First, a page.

Although this week was a hard week in terms of the stress (it was also President Trevino´s last week as President, meaning we had to plan a bunch of festivities and stuff like that) I must admit that I was simply so much happier than I have been in the past. I´m starting to grow into my place here, and I´m learning, slowly but surely. My Spanish is passable, I can understand what people are trying to say 90% of the time, and I can explain what I want to say even if I do not know a word. 

I love you all lots, and miss you, but I really just want you to know that missions are great, they give you  chance to face the different aspects of yourself that are simply weak, and to try and overcome what you are faced with.


P.s. It turned into like death silence here for 2 hours when Mexico lost, and no one wanted to outside or talk (a little funny) But I´m sure everyone knows what that´s like and will be watching the US game back home tomorrow because we all love soccer so much :)

Monday, June 23, 2014

2nd Week in Mexico (Week 4)

Here is Kevin's Letter for week 3 in Mexico.  I have also included some pictures from when he was in the MTC...I am still waiting for pictures from Mexico.
Thank you for all your support this week!!! Charlene

Well, there are baptisms here in Veracruz. If you know me, well then you know that I love the show How I met Your Mother, well this week we got to baptize a man who was basically a 60 year old version of Barney Stinson in how he had lived his life. He had been taught by different missionaries, and he shrugged them off, saying that he shouldn't`t have to obey the law of chastity because Jesus did not and stuff like that (that is not true btw). Anyways, he was fascinated by the fact that I was from the US and wanted to know all the immigration laws (which I am fully unaware of as a whole), but because he kept wanting to know more about me, and would listen to me, we were able to teach him and show him how it would change his life. When he went in for the baptismal interview, he completely cried his eyes out, and repented of everything that he had done in front of our zone leaders, it was amazing to get to see. His baptism had a couple funny and scary moments, but he was baptized, and that`s what matters.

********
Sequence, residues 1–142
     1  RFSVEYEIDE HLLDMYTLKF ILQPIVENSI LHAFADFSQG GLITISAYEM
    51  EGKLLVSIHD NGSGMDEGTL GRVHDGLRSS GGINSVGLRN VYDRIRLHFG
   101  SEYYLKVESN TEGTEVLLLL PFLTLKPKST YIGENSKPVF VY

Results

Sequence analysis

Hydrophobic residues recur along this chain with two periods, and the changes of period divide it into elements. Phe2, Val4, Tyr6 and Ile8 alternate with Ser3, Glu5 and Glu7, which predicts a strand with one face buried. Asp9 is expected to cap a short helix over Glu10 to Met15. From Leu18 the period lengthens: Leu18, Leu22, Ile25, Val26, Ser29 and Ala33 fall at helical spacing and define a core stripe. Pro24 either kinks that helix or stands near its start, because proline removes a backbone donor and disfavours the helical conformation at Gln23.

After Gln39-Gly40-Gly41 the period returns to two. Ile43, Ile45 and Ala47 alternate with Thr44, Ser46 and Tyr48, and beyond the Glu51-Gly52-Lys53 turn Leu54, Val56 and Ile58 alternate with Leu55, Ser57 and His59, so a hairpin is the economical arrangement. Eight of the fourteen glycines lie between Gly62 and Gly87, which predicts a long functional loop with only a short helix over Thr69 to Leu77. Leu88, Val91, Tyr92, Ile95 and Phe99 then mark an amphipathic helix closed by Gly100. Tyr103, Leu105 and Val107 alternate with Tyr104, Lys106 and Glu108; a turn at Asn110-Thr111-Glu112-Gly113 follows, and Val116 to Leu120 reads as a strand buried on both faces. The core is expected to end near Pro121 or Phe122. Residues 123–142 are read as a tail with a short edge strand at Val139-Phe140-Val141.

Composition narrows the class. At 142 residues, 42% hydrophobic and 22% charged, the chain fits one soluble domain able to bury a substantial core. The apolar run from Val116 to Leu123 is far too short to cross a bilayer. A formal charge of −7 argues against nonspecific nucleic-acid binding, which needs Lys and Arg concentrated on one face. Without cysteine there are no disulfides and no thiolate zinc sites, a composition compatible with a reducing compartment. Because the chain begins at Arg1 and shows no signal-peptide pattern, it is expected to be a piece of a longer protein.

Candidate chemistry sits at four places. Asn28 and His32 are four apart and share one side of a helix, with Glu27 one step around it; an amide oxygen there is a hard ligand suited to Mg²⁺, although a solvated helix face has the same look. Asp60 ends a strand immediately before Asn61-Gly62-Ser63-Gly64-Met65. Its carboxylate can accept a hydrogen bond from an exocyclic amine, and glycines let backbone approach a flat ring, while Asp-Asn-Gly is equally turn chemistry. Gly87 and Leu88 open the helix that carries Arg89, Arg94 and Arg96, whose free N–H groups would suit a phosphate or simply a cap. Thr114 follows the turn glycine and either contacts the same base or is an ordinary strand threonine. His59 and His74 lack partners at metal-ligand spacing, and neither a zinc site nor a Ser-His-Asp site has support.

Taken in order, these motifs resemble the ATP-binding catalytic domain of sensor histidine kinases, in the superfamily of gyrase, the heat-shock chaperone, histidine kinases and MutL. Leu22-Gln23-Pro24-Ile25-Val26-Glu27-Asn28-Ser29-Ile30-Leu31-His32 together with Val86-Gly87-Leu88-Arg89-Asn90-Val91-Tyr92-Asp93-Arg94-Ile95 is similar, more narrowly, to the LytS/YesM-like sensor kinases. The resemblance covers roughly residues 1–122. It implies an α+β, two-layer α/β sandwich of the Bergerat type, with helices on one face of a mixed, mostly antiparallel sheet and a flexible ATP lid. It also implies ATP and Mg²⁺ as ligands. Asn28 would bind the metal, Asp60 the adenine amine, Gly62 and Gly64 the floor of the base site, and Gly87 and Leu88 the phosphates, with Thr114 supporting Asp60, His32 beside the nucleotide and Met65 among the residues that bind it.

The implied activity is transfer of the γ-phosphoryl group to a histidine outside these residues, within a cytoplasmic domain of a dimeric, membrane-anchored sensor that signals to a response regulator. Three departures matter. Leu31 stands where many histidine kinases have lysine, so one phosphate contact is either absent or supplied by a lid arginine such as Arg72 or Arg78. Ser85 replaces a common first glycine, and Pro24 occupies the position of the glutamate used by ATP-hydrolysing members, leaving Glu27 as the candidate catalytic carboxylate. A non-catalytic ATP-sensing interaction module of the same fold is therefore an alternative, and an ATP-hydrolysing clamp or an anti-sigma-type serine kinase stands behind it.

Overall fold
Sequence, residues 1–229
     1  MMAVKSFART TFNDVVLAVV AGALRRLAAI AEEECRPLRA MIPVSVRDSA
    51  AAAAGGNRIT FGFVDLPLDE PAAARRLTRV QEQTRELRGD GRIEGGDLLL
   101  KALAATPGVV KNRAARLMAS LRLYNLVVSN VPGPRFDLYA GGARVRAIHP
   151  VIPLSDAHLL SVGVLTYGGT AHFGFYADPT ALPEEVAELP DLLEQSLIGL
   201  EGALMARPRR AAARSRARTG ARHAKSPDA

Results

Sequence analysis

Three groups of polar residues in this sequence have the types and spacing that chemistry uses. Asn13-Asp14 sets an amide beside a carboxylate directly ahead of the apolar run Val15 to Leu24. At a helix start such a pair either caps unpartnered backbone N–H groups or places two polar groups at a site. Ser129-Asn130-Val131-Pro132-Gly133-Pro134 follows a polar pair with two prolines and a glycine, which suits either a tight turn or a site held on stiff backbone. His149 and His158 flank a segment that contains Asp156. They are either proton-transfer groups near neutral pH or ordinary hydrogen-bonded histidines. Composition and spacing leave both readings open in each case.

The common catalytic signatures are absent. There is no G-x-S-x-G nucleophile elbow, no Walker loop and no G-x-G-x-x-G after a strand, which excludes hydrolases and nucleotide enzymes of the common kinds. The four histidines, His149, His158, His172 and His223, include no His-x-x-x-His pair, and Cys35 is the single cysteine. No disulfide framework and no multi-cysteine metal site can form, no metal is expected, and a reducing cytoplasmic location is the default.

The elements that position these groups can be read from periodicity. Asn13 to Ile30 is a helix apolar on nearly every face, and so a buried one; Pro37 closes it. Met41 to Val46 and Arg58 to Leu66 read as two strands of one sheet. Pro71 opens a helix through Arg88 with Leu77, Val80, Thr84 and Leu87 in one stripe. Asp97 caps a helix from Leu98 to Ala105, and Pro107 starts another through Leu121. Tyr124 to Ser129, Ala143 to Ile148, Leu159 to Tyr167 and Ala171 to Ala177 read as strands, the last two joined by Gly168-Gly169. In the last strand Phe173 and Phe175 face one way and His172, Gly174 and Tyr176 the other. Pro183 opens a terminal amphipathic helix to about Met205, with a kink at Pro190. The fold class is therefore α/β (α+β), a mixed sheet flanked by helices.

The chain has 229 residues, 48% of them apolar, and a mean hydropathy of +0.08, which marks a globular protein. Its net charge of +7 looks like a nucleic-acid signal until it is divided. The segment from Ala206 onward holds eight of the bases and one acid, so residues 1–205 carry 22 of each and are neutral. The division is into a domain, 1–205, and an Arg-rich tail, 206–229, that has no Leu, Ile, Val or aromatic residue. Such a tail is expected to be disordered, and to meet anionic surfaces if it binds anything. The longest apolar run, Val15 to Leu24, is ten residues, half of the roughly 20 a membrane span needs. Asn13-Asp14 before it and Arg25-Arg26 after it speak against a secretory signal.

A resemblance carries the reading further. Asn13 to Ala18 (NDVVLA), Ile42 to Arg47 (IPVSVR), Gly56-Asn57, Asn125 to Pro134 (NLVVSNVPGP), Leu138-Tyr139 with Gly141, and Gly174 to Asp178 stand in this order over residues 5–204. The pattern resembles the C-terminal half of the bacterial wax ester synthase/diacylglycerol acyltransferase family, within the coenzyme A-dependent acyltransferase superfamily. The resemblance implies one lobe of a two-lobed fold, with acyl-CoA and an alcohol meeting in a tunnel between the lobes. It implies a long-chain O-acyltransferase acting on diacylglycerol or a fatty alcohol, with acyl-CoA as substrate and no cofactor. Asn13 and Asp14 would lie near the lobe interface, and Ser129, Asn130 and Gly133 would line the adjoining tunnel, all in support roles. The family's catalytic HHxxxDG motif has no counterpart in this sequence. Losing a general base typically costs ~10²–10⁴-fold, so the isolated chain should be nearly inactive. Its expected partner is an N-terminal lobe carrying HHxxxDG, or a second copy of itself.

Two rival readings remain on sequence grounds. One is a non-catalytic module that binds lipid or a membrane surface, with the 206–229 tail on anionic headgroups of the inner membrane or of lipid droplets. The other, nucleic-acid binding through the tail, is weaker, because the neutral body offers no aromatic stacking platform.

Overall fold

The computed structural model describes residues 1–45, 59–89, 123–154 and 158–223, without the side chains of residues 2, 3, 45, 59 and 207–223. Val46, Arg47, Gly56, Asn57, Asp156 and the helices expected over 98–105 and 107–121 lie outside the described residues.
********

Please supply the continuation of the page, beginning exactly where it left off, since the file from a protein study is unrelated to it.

So lets see, by the way, my area is called Nueva Era 2 in Reforma section of Veracruz city. It stays right around the upper 80`s all day, which with this humidity basically means that I have gradually become used to the feeling of being in a swimming pool. This week was much better that last, and I have really started to see my purpose here. The people of Veracruz that I have taught so far are very childlike. They have humble, believing, open hearts, but if you try and use any form of logic as opposed to emotional appeals, it simply does not work and they get confused. So what you have to do is speak very simply and use powerful simple statements, which my companion is a master at doing, and I simply am not. What I noticed however is that certain investigators have been investigators for a long time, but no one reaches them because these ones are very intellectually oriented. So there are certain investigators that I am able to help and reach in a way that like m trainer has difficulty with. The food here is great, and members feed us these gigantic lunches, but until July, I have basically no money so I am living on honey and peanut butter with some cheap bread in the mornings and evenings. My companion and I get along about as well as two people from such different backgrounds could. We both want to get along, and sometimes there is a bit of a language and a cultural barrier, but with that exception we are here to work together. He has taught me a very different method for finding people than what I would expect. We basically visit members (hang out and chat in their houses) until we get references, then contact the references, then teach who we can, but there is absolutely no street contacting and knocking on doors (which here you do by yelling buenos tardes) is against the rules.